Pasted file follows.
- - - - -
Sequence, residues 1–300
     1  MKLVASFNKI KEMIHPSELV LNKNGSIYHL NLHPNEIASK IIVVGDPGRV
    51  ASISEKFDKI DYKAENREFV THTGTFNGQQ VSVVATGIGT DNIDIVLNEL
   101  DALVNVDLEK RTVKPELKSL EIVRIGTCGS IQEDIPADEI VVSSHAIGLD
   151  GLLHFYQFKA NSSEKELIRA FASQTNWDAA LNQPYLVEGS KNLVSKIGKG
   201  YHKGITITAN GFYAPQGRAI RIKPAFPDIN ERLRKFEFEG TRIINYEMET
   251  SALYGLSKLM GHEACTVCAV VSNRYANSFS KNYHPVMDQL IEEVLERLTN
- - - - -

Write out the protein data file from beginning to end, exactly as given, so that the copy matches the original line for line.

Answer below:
Sequence, residues 1–300
     1  MKLVASFNKI KEMIHPSELV LNKNGSIYHL NLHPNEIASK IIVVGDPGRV
    51  ASISEKFDKI DYKAENREFV THTGTFNGQQ VSVVATGIGT DNIDIVLNEL
   101  DALVNVDLEK RTVKPELKSL EIVRIGTCGS IQEDIPADEI VVSSHAIGLD
   151  GLLHFYQFKA NSSEKELIRA FASQTNWDAA LNQPYLVEGS KNLVSKIGKG
   201  YHKGITITAN GFYAPQGRAI RIKPAFPDIN ERLRKFEFEG TRIINYEMET
   251  SALYGLSKLM GHEACTVCAV VSNRYANSFS KNYHPVMDQL IEEVLERLTN